Connecting Fathers to Their Children: Fatherhood Legislation Considered in the 106th Congress

In recognition of the negative long-term consequences for children associated with the absence of their father, federal, state and local initiatives to promote financial and personal responsibility of noncustodial parents to their children are receiving more attention. The Clinton Administration's FY2001 budget included a couple of initiatives intended to help noncustodial parents who are unable to pay child support to get the support and skills they need to find work; these initiatives were not passed. In addition, several fatherhood bills ( H.R. 3073 , H.R. 4678 / H.R. 4469 , S. 1364 / H.R. 4671 , and H.R. 1482 / S. 1317 ) were introduced in the 106th Congress. H.R. 3073 , the Fathers Count Act of 1999, was passed by the House on November 10, 1999; H.R. 4678 , a bill that contains a similar fatherhood grant program, was passed by the House on September 7, 2000. Although the fatherhood grant program was not passed, the Consolidated Appropriations Act for FY2001 ( P.L. 106-554 ) provides $500,000 for each of two specified fatherhood organizations and P.L. 106-553 provides another $3 million for one of the aforementioned fatherhood organizations. This report will not be updated once the 107th Congress begins.Intr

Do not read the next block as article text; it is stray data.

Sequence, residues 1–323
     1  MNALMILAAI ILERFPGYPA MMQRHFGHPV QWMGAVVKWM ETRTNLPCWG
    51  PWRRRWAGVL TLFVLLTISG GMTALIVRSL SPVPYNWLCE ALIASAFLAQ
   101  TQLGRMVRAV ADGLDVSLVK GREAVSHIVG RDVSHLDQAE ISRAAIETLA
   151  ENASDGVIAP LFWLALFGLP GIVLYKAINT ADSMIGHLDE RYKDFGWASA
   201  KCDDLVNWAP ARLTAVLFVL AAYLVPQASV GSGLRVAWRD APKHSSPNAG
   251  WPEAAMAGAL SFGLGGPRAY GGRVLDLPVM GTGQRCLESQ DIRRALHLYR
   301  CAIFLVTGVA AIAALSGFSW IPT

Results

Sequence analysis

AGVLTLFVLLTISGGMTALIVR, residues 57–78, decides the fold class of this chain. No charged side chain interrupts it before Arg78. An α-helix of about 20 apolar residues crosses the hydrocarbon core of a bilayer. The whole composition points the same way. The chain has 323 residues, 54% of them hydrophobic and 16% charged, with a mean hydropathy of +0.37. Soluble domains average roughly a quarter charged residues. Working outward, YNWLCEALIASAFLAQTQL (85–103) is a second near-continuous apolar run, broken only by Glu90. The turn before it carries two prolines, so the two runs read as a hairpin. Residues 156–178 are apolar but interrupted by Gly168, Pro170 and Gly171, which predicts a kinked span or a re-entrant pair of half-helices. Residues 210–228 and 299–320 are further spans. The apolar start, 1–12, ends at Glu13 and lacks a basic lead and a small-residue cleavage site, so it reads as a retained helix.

Order Code RS20385 Updated January 29, 2001 CRS Report for Congress Received through the CRS Web Connecting Fathers to Their Children: Fatherhood Legislation Considered in the 106th Congress -name redactedSpecialist in Social Legislation Domestic Social Policy Division Summary In recognition of the negative long-term consequences for children associated with the absence of their father, federal, state and local initiatives to promote financial and personal responsibility of noncustodial parents to their children are receiving more attention. The Clinton Administration’s FY2001 budget included a couple of initiatives intended to help noncustodial parents who are unable to pay child support to get the support and skills they need to find work; these initiatives were not passed. In addition, several fatherhood bills (H.R. 3073, H.R. 4678/H.R. 4469, S. 1364/H.R. 4671, and H.R. 1482/S. 1317) were introduced in the 106th Congress. H.R. 3073, the Fathers Count Act of 1999, was passed by the House on November 10, 1999; H.R. 4678, a bill that contains a similar fatherhood grant program, was passed by the House on September 7, 2000. Although the fatherhood grant program was not passed, the Consolidated Appropriations Act for FY2001 (P.L. 106-554) provides $500,000 for each of two specified fatherhood organizations and P.L. 106-553 provides another $3 million for one of the aforementioned fatherhood organizations. This report will not be updated once the 107th Congress begins. Introduction Research indicates that children raised in single-parent families are more likely to do poorly in school, have emotional and behavioral problems, become teenage parents, and have poverty-level incomes, compared to children raised in two-parent families. Nonetheless, the fact remains that a significant percentage of children will be raised in single-parent families.1 In recognition of the negative long-term consequences associated 1 Children benefit from fathers’ involvement–New studies examine men’s role in the family. June 16, 2000. [http://www.cnn.com/2000/HEALTH/children/06/16/father.studies/index.html] See also: What Do Fathers Contribute to Children’s Well-Being? by Suzanne Le Menestrel and The Meaning of Father Involvement for Children by Tamara Hale. Child Trends Research Brief. Congressional Research Service ˜ The Library of Congress CRS-2 with father absence, efforts to promote financial and personal responsibility of noncustodial fathers to their children are receiving more attention. In recent years, there have been several local and federal initiatives to help lowincome fathers become more employable, and financially and emotionally accountable with respect to their children.2 The final reports on the Parents’ Fair Share (PFS) demonstration, which was designed by the Manpower Demonstration Research Corporation and conducted by public and private organizations, concluded that with respect to the entire sample of persons participating in the PFS demonstration program, the program did not significantly increase employment or earnings during the 2 years after they entered the program. However, the program did increase earnings among men who were characterized as “less employable” (i.e., those without a high school diploma and with little recent work experience).3 In addition, another of the final reports found that although PFS did not affect the frequency of fathers’ visits with their children, it did increase their involvement in parenting.4 Proponents of the PFS approach assert that observers should expect that an endeavor this difficult will have its problems and will not be able to help all noncustodial parents. Most observers agree that providing grants to a wide spectrum of public and private entities will result in an array of specific strategies for successful fatherhood programs.5 2 In June 1995, President Clinton challenged all federal agencies to reach out to fathers to support their positive involvement in their children’s lives. In May 1996, federal agencies came together in a conference hosted by Vice President Gore to share lessons learned and innovative ideas about involving fathers. In June 1998, Vice President Gore (and the Interagency Forum on Child and Family Statistics) released a report entitled, “Nurturing Fatherhood: Improving Data and Research on Male Fertility, Family Formation and Fatherhood.” In March 1999, HHS, working with private, public, and foundation partners, launched a nationwide public service campaign challenging fathers to remain connected to their children even if they do not live with them. 3 The Parents’ Fair Share (PFS) Demonstration is a national demonstration project that combines job training and placement, peer support groups, and other services with the goal of increasing the earnings and child support payments of unemployed noncustodial parents (generally fathers) of children on welfare, improving their parenting and communication skills, and providing an opportunity for them to participate more fully and effectively in the lives of their children. The PFS demonstration was designed by the Manpower Demonstration Research Corporation (MDRC), a nonprofit, nonpartisan, social policy research organization. The demonstration began in 1992. The program was conceived in response to the 1988 Family Support Act’s (P.L. 100-485) authorization of a demonstration under the Job Opportunities and Basic Skills Training (JOBS) Program to provide services to unemployed noncustodial parents of children receiving welfare who are unable to meet their child support obligations. Working and Earning: The Impact of Parents’ Fair Share on Low-Income Fathers’ Employment, by John M. Martinez and Cynthia Miller. MDRC. October 2000. 4 Parenting and Providing: The Impact of Parents’ Fair Share on Paternal Involvement, by Virginia Knox and Cindy Redcross. MDRC. October 2000. 5 Responsible Fathering: An Overview and Conceptual Framework, by William J. Doherty, Edward F. Kouneski, and Martha Farrell Erickson. Prepared for the Administration for Children and Families and the Office of the Assistant Secretary for Planning and Evaluation, Department of Health and Human Services. Final Report. September 1996. CRS-3 A consensus is building regarding the need to reconnect fragile families. Representative Johnson, chair of the Ways and Means Subcommittee on Human Resources, stated that, “To take the next step in welfare reform we must find a way to help children by providing them with more than a working mother and sporadic child support.”6 She noted that many low-income fathers have problems similar to those of mothers on welfare. Namely, they are likely to have dropped out of high school, to have little work experience, and to have significant barriers that lessen their ability to find and/or keep a job. She also asserted that in many cases these men are “dead broke” rather than “dead beats” and that the federal government should help these noncustodial fathers meet both their financial and emotional obligations to their children. Legislative Activity The FY2001 budget included a proposal that would require states to have a procedure in place to require individuals who owe past-due child support to either pay or engage in work activities. It appears that this proposal is similar to current law, except that it only allows for two options: pay or work. In addition, the FY2001 budget included $255 million for the first year of a proposed “Fathers Work/Families Win” initiative to help low-income noncustodial parents and lowincome working families work and support their children. The “Fathers Work/Families Win” initiative would be administered by the Department of Labor (DoL). Building upon the partnerships developed under the welfare-to-work program, the “Fathers Work/Families Win” initiative in the FY2001 budget is intended to help members of families with incomes of up to 200% of the poverty level. The “Fathers Work” component is limited to noncustodial parents (primarily fathers) and the “Families Win” component is targeted more generally to low-income families. The proposed “Fathers Work” grant program is designed to help low-income noncustodial parents who are not living with their children carry out their financial and emotional responsibilities to their children. The proposed “Families Win” grant program is designed to help “hard-pressed” working families obtain the supports and skills they need to get a job and succeed in the job and avoid TANF assistance. These funds are intended to leverage existing resources to help families retain jobs and upgrade skills and get connected to critical work supports, such as child care, child support, health care, food stamps, earned income tax credit, housing, and transportation. Neither the House nor Senate FY2001 appropriations bill (H.R. 4577) for the Departments of Labor, Health and Human Services, and Education, and Related Agencies included funding for the Fathers Work/Families Win proposal. Child Support Distribution Act of 2000. H.R. 4469 was introduced on May 16, 2000 by Representatives Johnson, Camp, and English. H.R. 4678, a revised version of H.R. 4469 was introduced on June 15, 2000. H.R. 4678/H.R. 4469 include the fatherhood grant programs that are contained in H.R. 3073 (see discussion below) as well 6 U.S. Congress. House Committee on Ways and Means. Subcommittee on Human Resources. Hearing on Fatherhood Legislation. October 5, 1999. Opening Statement of Chairman Nancy L. Johnson. CRS-4 as several child support provisions. One of the goals of the proposed fatherhood grant program is to increase the parental involvement (social, emotional, psychological, and financial) of noncustodial parents in the lives of their children. H.R. 4678 was passed by the House on September 7, 2000 (H.Rept. 106-793 Part 1–House Ways and Means Committee; and H.Rept. 106-798–House Rules Committee). Although the House and Senate did not reach agreement on H.R. 4678 that included a fatherhood grants program, the Consolidated Appropriations Act for FY2001 (P.L. 106-554) provides $500,000 for each of two named fatherhood organizations: the National Fatherhood Initiative and the Institute for Responsible Fatherhood and Family Revitalization and P.L. 106-553 provides another $3 million for the National Fatherhood Initiative. In addition, several bills other bills (described below) were introduced in the first session of the 106th Congress that would help noncustodial parents meet their financial and emotional responsibilities. Fathers Count Act of 1999. H.R. 3073 was introduced on October 14, 1999 by Representatives Johnson, Cardin , and others. H.R. 3073 would provide $140 million in grants over a 4-year period to public and private entities to achieve three purposes; (1) promote marriage through counseling, mentoring, and other activities; (2) promote successful parenting through counseling, providing information about good parenting practices including payment of child support, and other activities; and (3) help noncustodial parents increase their income. Projects selected for funding would be required to enroll fathers of children receiving (or who in the past 24 months received) Temporary Assistance for Needy Families (TANF), Medicaid, Food Stamps, or Welfare-to-Work (W-t-W) funding, or expectant fathers or married fathers with income below 150% of the federal poverty level after paying court-ordered child support. (The term “expectant” father is not defined in the bill.) Projects selected for funding would be required to raise an amount equal to 20% (including in-kind contributions) of the federal grant to be used in the fatherhood project. The Secretary of the Department of Health and Human Services (HHS) may reduce the match requirement down to 10% if the project demonstrates that it has limited ability to raise funds or obtain resources. (Note: a separate provision of the bill stipulates that mothers, expectant mothers, and married mothers are eligible for benefits and services under projects that receive grants on the same basis as fathers, expectant fathers, and married fathers.) Two bipartisan panels would select projects for funding. The appointment of members to the first panel must be completed by March 1, 2000. The first panel must then select projects for funding by September 1, 2000. The HHS Secretary would award $70 million in grants on October 1, 2000. The appointment of members to the second panel must be completed by March 1, 2001. The second panel must select projects for funding by September 1, 2001. The HHS Secretary would award an additional $70 million in grants on October 1, 2001. The panels are required to (1) give preference to projects that encourage payment of child support by having agreements with the state Child Support Enforcement (CSE) agency stipulating that the state will cancel child support arrearages owed by the father to the state in proportion to the length of time the father pays child support or resides with the child, (2) have written agreements of cooperation with private and government agencies, (3) enroll a high percentage of participants within 6 months before or after the birth of their child, and (4) have a clear and practical plan for how CRS-5 fathers will be recruited to the program. At least 75% of the projects must be sponsored by either nongovernmental, including faith-based, organizations, or by government agencies that pass through at least 50% of project funds to nongovernmental agencies. The HHS Secretary would be given $6 million to conduct scientific evaluations of the funded projects. H.R. 3073 also would establish a national clearinghouse on fatherhood by providing a $5 million grant to a nationally recognized nonprofit fatherhood promotion organization with at least 4 years of experience in disseminating a national public education campaign and in providing consultation and training to community-based organizations interested in implementing fatherhood programs. In addition, the bill requires the HHS Secretary to award a $5 million grant to each of two nationally recognized nonprofit fatherhood promotion organizations to conduct projects aimed at promoting marriage, promoting better parenting, and increasing fathers’ income. The organizations which receive the funding would be required to conduct the project in three major cities. In addition, H.R. 3073 includes W-t-W program provisions related to noncustodial parents and an alternative penalty procedure under the CSE program for states that are not in compliance with the centralized state disbursement unit requirement. For information on the W-t-W provisions, see CRS Report RS20134, Welfare Reform: Reauthorization of the Welfare-to-Work Grant Program, by Christine Devere. For information on the state disbursement unit provisions, see CRS Report RS20352, Centralized Collection and Disbursement of Child Support Payments, by (name redacted). Further, H.R. 3073 includes miscellaneous provisions that would authorize HHS to spend funds on the evaluation of the Abstinence Education program (which was established by welfare reform legislation in 1996, P.L. 104-193) through FY2005; require the HHS Secretary to prepare a report on the procedures states use to locate custodial parents for whom child support has been collected but not yet distributed due to a change of address; clarify that states can use funds from their TANF programs to support fatherhood activities; provide additional funds for an evaluation of the effects of the 1996 welfare reform law; make training funds available for judges and other court personnel that work on child abuse and neglect cases7; authorize state Unemployment Insurance programs access to interstate cases in the CSE National Directory of New Hires database for the purpose of recovering overpayments; and allowing the Secretary of Education to have access to information in the CSE National Directory of New Hires of any individual who is in default on payment of a student loan. H.R. 3073, as amended, was favorably reported to the House Ways and Means by the Subcommittee on Human Resources on October 13, 1999. The House Ways and Means Committee ordered reported, as amended, H.R. 3073 on October 21, 1999; the bill was reported by the Committee on October 28, 1999 (H.Rept. 106-424, Part I). H.R. 3073 was passed by the House on November 10, 1999. H.R. 3073 also was referred to the House Committee on Education and the Workforce for consideration of the W-t-W provisions of the bill. On November 3, 1999, 7 See CRS Report RS20357, Child Welfare: Pending Legislation to Strengthen Abuse and Neglect Courts, by Ruby Andrew. CRS-6 the Committee on Education and the Workforce favorably reported H.R. 3172, which contained changes to the W-t-W provisions included in H.R. 3073. H.R. 3073 was discharged by the House Committee on Education and the Workforce on November 5, 1999. On November 8, 1999, the House Rules Committee reported a resolution on the bill (H.Res. 367), which incorporates many of the W-t-W provisions that were reported in H.R. 3172. For additional information, see CRS Report RS20134, Welfare Reform: Reauthorization of the Welfare-to-Work Grant Program, by Christine Devere. Responsible Fatherhood Act of 1999. S. 1364 was introduced on July 14, 1999 by Senators Bayh, Domenici, and others. S. 1364 would provide $25 million in grants (for each fiscal year beginning on or after October 1, 1999) to encourage public awareness campaigns designed by states and communities that promote the formation and maintenance of married two-parent families, strengthen fragile families, and promote responsible fatherhood. In addition, the bill would require the HHS Secretary to establish a national clearinghouse on fatherhood by providing a $2 million annual grant to a nationally recognized nonprofit fatherhood promotion organization with at least 4 years of experience in disseminating a national public education campaign and in providing consultation and training to community-based organizations interested in implementing fatherhood programs. S. 1364 would create a $50 million block grant program (for each fiscal year beginning on or after October 1, 1999) to expand responsible fatherhood promotion programs at the state and local level. The grants would be supplemented by funds and involvement from state and local government, civic, charitable, non-profit and faith-based organizations. The bill also would change existing federal law to encourage a stronger connection between fathers and their children through increased child support to families and more available training through the W-t-W program for low-income fathers. H.R. 4671 was introduced on June 15, 2000 by Representative Jackson. It is called the Responsible Fatherhood Act of 2000. It is substantively identical to S. 1364. Welfare-to-Work Amendments of 1999. H.R. 1482 was introduced on April 20, 1999 by Representatives Cardin, Stark, and others. S. 1317 was introduced on July 1, 1999 by Senators Akaka, Moynihan and others. Both bills contain identical provisions to expand W-t-W requirements as well as target funds to assist noncustodial parents. For more information, see CRS Report RS20134, Welfare Reform: Reauthorization of the Welfare-to-Work Grant Program. 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